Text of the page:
Pullinger makes it clear that he is no opponent of targets, but that in the hands of the unskilled they can create perverse incentives, encouraging behaviour that distorts the system they sought to control and frustrating the very improvement they were implemented to achieve.

For example, two train companies are being assessed by the regulator for punctuality. A train is defined as “on-time” if it arrives within 5 minutes of schedule. The target is 95% punctuality.
Evidently, simple management by target fails to reveal that Company 1 is doing better than Company 2 in offering a punctual service to its passengers. A simple statement of “95% punctuality (punctuality defined as arriving within 5 minutes of timetable)” discards much of the information in the data.

Further, when presented with a train that has slipped outside the 5 minute tolerance, a manager held solely to the target of 95% has no incentive to stop the late train from slipping even further behind. Certainly, if it puts further trains at risk of lateness, there will always be a temptation to strip it of all priority. Here, the target is not only a barrier to effective measurement and improvement, it is a threat to the proper operation of the railway. That is the point that Pullinger was seeking to make about the behaviour induced by the target.

And again, targets often provide only a “snapshot” rather than the “video” that discloses the information in the data that can be used for planning and managing an enterprise.

I am glad that Pullinger was not hesitant to remind users that proper deployment of system measurement requires an appreciation of psychology. Nobel Laureate psychologist Daniel Kahneman warns of the inherent human trait of thinking that What you see is all there is (WYSIATI). On their own, targets do little to guard against such bounded rationality.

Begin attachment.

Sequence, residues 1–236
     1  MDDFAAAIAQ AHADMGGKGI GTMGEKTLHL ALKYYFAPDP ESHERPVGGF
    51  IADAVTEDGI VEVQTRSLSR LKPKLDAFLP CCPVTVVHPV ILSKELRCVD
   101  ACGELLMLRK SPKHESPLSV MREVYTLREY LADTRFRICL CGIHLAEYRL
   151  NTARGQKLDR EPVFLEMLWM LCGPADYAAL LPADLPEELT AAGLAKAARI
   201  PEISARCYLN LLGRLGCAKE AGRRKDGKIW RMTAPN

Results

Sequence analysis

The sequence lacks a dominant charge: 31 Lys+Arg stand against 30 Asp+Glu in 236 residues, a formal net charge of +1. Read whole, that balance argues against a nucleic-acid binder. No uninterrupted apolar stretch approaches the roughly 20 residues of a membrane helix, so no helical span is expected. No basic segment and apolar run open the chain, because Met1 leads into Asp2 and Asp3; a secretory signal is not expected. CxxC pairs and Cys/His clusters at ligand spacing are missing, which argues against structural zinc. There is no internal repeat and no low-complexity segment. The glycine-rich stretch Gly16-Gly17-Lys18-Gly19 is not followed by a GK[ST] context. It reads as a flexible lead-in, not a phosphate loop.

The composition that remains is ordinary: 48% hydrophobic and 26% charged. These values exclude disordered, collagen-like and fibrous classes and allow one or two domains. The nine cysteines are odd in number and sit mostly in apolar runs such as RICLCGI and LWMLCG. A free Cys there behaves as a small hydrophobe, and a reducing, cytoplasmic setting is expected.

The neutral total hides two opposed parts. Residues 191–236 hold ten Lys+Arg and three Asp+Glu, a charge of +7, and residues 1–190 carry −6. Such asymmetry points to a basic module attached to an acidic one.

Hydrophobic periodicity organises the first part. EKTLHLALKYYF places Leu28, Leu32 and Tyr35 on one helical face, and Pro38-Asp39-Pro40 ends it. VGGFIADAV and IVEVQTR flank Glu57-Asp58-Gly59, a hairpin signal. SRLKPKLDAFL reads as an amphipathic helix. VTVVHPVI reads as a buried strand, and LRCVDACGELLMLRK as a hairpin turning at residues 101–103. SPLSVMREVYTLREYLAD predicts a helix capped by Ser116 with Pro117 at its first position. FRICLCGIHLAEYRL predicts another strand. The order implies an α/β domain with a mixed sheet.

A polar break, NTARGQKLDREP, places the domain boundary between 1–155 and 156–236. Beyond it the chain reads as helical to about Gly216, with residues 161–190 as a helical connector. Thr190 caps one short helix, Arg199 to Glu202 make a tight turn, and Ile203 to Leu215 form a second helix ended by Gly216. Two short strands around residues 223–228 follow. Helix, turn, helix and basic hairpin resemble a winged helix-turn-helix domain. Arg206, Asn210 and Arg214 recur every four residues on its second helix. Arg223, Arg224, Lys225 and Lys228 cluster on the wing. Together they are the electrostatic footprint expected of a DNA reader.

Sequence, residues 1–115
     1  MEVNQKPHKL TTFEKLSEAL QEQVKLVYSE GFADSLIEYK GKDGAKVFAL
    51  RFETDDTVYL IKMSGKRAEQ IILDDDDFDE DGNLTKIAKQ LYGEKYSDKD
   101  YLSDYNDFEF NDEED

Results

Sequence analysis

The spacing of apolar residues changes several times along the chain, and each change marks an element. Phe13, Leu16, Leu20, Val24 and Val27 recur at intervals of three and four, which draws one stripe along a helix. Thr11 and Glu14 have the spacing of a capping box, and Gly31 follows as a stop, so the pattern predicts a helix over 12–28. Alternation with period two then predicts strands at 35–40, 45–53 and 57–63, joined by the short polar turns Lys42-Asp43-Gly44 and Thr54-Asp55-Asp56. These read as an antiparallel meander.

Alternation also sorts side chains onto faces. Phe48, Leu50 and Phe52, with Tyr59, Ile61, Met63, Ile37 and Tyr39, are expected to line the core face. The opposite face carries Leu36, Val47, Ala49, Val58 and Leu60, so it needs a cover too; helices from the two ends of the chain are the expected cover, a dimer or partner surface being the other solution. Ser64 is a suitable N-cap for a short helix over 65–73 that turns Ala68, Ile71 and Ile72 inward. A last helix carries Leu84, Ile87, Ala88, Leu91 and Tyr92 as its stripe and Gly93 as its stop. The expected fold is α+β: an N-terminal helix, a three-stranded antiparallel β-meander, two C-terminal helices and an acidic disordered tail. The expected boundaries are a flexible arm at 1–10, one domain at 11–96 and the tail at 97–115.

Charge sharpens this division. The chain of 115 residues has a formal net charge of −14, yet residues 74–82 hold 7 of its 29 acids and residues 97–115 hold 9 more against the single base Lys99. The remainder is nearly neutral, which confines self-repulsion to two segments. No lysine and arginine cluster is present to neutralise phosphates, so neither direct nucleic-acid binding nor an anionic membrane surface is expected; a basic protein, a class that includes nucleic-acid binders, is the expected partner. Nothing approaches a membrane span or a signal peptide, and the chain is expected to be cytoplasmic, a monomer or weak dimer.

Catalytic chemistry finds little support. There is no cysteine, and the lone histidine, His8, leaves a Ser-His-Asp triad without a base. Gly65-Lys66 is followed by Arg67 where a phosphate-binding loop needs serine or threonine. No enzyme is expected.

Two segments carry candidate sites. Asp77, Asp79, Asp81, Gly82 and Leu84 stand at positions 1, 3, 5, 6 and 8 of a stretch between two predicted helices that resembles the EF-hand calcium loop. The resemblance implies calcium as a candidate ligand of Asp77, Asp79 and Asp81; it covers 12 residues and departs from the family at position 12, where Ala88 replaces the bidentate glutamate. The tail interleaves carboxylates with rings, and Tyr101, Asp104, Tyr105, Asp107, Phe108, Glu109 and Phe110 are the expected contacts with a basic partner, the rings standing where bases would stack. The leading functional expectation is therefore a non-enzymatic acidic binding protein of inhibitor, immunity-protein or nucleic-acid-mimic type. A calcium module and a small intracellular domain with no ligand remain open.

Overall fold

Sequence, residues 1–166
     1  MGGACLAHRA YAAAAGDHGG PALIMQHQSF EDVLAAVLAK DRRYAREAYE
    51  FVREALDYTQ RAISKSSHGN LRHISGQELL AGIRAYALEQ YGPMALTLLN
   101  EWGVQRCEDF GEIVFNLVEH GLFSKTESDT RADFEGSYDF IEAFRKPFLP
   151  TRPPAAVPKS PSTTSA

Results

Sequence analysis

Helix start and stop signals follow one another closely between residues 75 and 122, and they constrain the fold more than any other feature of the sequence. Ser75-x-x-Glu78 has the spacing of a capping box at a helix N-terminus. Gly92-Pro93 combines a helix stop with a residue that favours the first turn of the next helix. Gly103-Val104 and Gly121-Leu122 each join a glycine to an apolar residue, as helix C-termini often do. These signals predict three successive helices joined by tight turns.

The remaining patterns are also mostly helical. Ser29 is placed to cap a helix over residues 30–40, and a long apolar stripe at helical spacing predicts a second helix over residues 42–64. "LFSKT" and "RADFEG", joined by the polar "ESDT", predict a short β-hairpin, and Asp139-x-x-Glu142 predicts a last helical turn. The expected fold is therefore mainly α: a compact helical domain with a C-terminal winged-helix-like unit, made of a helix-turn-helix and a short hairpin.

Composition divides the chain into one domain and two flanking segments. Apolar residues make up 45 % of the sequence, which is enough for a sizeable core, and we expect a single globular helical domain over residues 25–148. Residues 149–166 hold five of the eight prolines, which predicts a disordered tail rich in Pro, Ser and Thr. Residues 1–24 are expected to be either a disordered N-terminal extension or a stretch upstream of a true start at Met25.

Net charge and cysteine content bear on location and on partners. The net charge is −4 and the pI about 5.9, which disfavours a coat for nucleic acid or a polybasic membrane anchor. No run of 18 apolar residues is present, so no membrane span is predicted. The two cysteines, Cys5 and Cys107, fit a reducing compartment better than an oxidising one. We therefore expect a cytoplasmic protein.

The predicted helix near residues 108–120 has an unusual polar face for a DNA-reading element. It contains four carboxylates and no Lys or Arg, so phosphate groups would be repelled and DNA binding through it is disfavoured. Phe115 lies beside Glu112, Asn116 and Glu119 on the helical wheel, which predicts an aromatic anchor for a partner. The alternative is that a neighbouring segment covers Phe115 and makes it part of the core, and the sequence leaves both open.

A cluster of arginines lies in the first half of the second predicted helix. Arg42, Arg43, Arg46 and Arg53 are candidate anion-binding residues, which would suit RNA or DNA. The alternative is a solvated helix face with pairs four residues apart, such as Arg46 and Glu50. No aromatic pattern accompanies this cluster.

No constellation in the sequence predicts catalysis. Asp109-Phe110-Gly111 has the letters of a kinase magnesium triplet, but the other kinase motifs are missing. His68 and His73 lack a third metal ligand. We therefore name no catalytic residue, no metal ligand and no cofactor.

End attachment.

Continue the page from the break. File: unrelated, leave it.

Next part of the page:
In support of a corporate programme of improvement and integrated in a culture of rigorous data criticism, targets have manifest benefits. They communicate improvement priorities. They build confidence between interfacing processes. They provide constraints and parameters that prevent the system causing harm. Harm to others or harm to itself. What is important is that the targets do not become a shield to weak managers who wish to hide their lack of understanding of their own processes behind the defence that “all targets were met”.

However, all that requires some sophistication in approach. I think the following points provide a basis for auditing how an organisation is using targets.

Risk assessment

Targets should be risk assessed, anticipating realistic psychology and envisaging the range of behaviours the targets are likely to catalyse.

Customer focus

Anyone tasked with operating to a target should be periodically challenged with a review of the Voice of the Customer and how their own role contributes to the organisational system. The target is only an aid to the continual improvement of the alignment between the Voice of the Process and the Voice of the Customer. That is the only game in town.

Borrowed validation

Any organisation of any size will usually have independent data of sufficient borrowing strength to support mutual validation. There was a very good recent example of this in the UK where falling crime statistics, about which the public were rightly cynical and incredulous, were effectively validated by data collection from hospital emergency departments (Violent crime in England and Wales falls again, A&E data shows).


Mechanisms must be in place to deter over-adjustment, what W Edwards Deming called “tampering”, where naïve pursuit of a target adds variation and degrades performance.


Employees must be left in no doubt that lack of care in maintaining the integrity of the organisational system and pursuing customer excellence will not be excused by mere adherence to a target, no matter how heroic.

Targets are for the guidance of the wise. To regard them as anything else is to ask them to do too much.